Tim Dodd, Ph.D.
Phone: (806) 742-3031
Tim Dodd, Ph.D. currently serves as the Dean of the College of Human Sciences and previously served as Associate Dean for Administration and Finance. He is also the Director of the Texas Wine Marketing Research Institute at Texas Tech University.
With experience as both a graduate student and longtime faculty member, Dean Dodd has been a part of the evolution of the College of Human Sciences at Texas Tech for over 30 years. With his start as a graduate research assistant in the Texas Wine Marketing Research Institute (TWMRI), to doctoral student, to director of the TWMRI and associate dean for administration and finance, and now dean, he has seen many positive changes. He looks forward to leading the college as it continues to find impactful ways to improve and enhance human health and wellness.
When Dodd stepped into the role of associate dean in 2005, he began implementing steps to grow the college's facilities and expand its footprint across campus and in the community.
“I realized the importance of listening and trying to understand various viewpoints when confronted with challenges,” Dodd said. “This experience and the lessons learned have been tremendously helpful as I have moved into the role of dean. The past fifteen years have helped me understand the policies and procedures that help govern the university and provide guidance in the many things we do.”
Dodd says he is thankful for his gained understanding as a graduate student and assistant professor in the college, both of which have impacted who he is as a leader today.
“My time as a doctoral student helped me to understand the various pressures of being a student, and it established my love for research, for learning and for investigating new topics,” Dodd explained. “As an assistant professor, I realized the importance of collaborations between colleagues. These collaborations, friendships, and joint projects provided so much richness by adding new ideas, new horizons, and opportunities. I also learned the importance of working with and mentoring graduate students. They showed me how much they could add to our department and become important aspects of our success.”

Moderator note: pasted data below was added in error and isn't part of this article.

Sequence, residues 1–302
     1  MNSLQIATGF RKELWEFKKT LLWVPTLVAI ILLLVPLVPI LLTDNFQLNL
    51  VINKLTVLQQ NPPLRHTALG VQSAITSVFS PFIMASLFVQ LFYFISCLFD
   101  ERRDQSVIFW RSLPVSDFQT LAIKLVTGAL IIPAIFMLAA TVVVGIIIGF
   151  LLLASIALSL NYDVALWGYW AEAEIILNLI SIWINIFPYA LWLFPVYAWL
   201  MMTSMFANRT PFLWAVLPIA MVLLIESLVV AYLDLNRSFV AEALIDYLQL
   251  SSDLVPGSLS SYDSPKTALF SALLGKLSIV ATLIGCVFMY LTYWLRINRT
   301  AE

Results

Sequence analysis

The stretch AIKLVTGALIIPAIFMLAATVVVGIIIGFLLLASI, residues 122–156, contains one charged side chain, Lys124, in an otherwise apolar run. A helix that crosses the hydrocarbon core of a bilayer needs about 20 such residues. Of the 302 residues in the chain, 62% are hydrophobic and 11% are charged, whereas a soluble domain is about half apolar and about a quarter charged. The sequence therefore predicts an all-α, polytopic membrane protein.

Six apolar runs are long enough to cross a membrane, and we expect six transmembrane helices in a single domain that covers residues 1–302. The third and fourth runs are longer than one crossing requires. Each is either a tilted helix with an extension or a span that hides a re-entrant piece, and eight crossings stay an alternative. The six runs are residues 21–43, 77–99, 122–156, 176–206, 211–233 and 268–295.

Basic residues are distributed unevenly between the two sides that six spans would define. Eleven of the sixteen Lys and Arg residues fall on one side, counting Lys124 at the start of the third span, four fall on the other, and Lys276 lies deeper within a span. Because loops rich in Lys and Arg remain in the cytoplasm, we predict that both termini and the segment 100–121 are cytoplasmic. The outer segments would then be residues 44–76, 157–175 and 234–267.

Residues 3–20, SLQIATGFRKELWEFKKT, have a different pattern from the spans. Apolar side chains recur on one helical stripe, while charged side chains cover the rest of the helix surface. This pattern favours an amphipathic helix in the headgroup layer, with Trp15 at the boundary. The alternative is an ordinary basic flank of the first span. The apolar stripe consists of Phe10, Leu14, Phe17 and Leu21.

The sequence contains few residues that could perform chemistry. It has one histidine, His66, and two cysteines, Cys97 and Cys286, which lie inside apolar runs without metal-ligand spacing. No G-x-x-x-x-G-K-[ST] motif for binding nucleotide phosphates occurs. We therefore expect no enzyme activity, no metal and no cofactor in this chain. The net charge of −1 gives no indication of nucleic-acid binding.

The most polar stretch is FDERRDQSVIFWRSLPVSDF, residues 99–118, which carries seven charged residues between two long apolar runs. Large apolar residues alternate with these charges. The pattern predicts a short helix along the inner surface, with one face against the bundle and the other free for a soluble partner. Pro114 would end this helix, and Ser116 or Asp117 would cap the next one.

For Dodd, the college's culture of kindness, civility, and respect towards its staff, faculty, and students is something he greatly values.
“I am proud that we continue to embrace and enhance that culture,” Dodd said. “I admire that we stand for a focus on improving the human condition in direct and practical ways through our research and education. We are creative and adaptable to all kinds of situations and opportunities. Our adaptability is an aspect that we have embraced throughout our history.”
Under his direction and leadership, the college has gained a reputation for being responsible and efficient with its resources.
“This is important to me, especially when we think about who entrusts us with funds. The fact that we do focus on ways to best use these funds and to manage them efficiently gives me a sense of pride, and we know we must continue to look for ways to best use those resources.”
Looking to the future, Dodd expects to see an increase in demand for academic areas in health and wellness. With majors that closely align with those areas, he is eager for the College of Human Sciences to continue to grow as a resource that focuses on humankind's financial, nutritional, emotional, and psychological challenges. For Dodd, this bright future also includes expanding the college's reach to include more non-traditional and distance students.
“Our emphasis on students, both in terms of their overall wellbeing and academic success, is at the forefront of who we are as a college. We have one of the highest retention rates and graduation rates in the university, and this is a testament to our staff and faculty who work closely with them. That is something I want to make sure we continue as part of our legacy and are known for throughout the university and beyond.”